Once on the website, a dog owner can see whether Rex is having a nap or chasing the cat around the house. (Another angle is ensuring that the dog walker is actually giving Rex that hour-long constitutional you're paying for.)
And when a tag-wearing dog encounters a playmate who is also sporting a tag, the two tags exchange information, and a light on each tag flashes. Later, the pup's owner can go online and view Rex's friend list - and also see information about his friends' owners. That opens up the possibility of organizing regular play groups or someone to look after Rex the next time you go away for the weekend.
Perhaps the richest possibility, though, is learning more about the attractive single owners of Rex's friends and sending them a note to suggest a walk in the park.
Paessel and his cofounders have been shuttling over to China to supervise the manufacturing of about 150 tags that will be used as part of a beta test in Boston, beginning in mid-December. (Interested dog owners can sign up on the SNIF website.)
Though the company originally hoped to have tags for sale before the end of this year, that date has been pushed to next spring.
Paessel, who doesn't own a dog, says he didn't initially think about the SNIF project, when it began at the Media Lab, as a business. But after some early media coverage, would-be buyers kept asking where they could purchase a tag, and "a guy called from Japan, asking to be our distributor there," he says.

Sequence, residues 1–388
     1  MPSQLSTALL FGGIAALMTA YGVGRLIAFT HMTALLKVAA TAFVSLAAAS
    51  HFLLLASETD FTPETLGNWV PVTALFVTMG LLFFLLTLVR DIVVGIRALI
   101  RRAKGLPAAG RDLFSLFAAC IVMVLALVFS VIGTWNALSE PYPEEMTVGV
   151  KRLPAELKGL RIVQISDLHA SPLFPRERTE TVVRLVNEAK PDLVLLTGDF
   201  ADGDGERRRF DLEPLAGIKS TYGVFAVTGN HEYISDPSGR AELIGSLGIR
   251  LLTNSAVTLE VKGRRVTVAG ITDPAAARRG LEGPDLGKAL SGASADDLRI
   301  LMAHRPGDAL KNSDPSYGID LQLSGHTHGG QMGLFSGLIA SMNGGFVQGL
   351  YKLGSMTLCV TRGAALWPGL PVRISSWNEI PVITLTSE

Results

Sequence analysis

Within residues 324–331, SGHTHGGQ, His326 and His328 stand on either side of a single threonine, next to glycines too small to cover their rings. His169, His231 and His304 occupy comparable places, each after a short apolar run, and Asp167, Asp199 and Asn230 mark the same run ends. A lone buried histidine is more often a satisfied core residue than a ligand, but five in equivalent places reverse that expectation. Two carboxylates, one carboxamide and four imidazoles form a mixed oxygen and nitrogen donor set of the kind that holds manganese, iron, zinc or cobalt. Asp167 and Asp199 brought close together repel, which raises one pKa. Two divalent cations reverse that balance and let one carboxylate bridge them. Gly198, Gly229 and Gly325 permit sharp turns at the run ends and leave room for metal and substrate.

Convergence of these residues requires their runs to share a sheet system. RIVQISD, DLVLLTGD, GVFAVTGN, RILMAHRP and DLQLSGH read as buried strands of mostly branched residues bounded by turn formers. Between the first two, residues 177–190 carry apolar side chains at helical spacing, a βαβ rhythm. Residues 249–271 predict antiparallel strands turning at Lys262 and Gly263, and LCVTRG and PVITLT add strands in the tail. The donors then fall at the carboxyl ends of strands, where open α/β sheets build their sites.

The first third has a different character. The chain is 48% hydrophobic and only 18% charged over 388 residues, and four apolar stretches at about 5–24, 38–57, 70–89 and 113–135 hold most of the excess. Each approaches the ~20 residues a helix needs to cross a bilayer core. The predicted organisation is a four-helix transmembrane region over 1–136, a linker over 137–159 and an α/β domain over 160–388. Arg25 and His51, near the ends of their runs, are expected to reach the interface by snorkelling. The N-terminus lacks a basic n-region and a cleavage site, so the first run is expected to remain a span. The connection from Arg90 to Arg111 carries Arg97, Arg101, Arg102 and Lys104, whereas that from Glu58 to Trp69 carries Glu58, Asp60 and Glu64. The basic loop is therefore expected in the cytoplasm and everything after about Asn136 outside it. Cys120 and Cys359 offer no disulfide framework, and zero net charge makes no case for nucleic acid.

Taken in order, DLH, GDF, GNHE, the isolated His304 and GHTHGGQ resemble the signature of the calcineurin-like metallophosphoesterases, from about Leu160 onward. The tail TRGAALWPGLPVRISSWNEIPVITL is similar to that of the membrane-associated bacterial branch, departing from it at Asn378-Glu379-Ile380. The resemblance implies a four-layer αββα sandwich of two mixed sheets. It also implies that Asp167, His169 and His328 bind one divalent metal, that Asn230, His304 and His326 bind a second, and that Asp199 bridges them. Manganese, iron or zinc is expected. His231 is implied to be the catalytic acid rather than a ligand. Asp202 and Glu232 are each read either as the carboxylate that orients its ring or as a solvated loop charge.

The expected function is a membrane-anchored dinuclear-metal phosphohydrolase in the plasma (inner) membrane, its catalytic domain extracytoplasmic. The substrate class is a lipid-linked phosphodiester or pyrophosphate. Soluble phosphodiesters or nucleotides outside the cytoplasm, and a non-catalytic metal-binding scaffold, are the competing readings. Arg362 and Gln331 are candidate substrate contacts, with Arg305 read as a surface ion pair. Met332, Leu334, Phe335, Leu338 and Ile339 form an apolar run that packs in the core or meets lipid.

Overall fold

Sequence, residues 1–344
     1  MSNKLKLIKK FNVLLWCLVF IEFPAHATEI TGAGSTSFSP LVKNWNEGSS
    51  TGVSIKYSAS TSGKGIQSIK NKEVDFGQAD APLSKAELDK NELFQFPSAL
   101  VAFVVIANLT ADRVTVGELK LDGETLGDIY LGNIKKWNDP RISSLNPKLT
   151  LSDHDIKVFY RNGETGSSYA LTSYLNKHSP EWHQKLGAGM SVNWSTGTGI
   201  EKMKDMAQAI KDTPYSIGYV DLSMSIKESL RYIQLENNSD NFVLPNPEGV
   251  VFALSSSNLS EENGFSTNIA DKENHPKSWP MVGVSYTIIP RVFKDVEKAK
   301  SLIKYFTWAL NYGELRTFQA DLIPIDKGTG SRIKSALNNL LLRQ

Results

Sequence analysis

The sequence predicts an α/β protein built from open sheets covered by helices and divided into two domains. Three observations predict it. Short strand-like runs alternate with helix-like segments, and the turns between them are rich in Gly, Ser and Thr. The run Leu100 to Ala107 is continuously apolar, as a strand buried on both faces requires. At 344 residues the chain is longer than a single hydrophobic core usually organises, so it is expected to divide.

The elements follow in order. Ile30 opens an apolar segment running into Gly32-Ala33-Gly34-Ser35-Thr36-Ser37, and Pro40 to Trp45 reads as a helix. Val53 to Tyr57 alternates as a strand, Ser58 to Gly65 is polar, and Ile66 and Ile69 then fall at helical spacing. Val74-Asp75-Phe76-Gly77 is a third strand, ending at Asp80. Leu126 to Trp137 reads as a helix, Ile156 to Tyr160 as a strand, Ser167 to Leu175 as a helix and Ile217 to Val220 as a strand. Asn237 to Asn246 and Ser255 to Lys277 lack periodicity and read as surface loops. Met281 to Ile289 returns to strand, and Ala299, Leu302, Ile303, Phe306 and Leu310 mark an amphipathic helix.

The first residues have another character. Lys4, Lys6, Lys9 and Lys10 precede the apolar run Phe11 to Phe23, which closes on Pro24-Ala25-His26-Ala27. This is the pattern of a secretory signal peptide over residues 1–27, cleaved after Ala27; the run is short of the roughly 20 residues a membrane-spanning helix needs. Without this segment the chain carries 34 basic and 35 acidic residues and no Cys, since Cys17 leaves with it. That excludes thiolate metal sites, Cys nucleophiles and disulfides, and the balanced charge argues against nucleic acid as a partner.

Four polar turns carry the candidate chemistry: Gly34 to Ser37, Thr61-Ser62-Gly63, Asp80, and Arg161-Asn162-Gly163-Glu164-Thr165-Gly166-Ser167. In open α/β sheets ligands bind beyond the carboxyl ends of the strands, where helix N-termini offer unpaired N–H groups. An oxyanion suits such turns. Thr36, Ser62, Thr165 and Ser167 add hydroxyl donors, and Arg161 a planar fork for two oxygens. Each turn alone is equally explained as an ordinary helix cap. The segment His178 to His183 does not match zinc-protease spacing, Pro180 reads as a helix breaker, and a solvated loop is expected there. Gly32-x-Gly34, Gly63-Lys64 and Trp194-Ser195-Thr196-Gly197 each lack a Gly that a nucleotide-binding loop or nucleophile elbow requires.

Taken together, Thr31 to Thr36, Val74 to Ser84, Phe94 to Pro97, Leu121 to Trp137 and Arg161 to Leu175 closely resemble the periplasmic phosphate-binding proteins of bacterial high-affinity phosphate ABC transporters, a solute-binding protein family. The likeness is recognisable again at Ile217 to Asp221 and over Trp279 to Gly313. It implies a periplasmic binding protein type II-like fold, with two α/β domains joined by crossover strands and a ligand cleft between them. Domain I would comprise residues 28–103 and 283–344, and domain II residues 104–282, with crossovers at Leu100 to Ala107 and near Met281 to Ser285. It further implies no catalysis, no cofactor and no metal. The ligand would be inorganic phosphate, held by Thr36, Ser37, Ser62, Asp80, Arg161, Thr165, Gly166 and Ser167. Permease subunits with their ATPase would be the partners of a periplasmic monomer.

Acknowledging that wireless networking gear for pets is not yet a multi-jillion-dollar industry, Paessel says, "I'd rather be doing this than designing banking systems or weapons systems."
And the tags' ability to track behavior - like that of an elderly relative, for instance - could lead SNIF to other markets.
"VCs will invest in crazy things if there's a defensible, scalable business model there," Borovoy says. "The fact that it sounds a little kooky - a lot of kooky things have done extremely well. Think about the original Sony Walkman: You're going to plug headphones into your ears and walk around with it?"
The entrepreneur's goal is to transform the crazy into the commonplace.
Innovation Economy is a weekly column focusing on entrepreneurship, technology, and venture capital in New England. Scott Kirsner can be reached at email@example.com.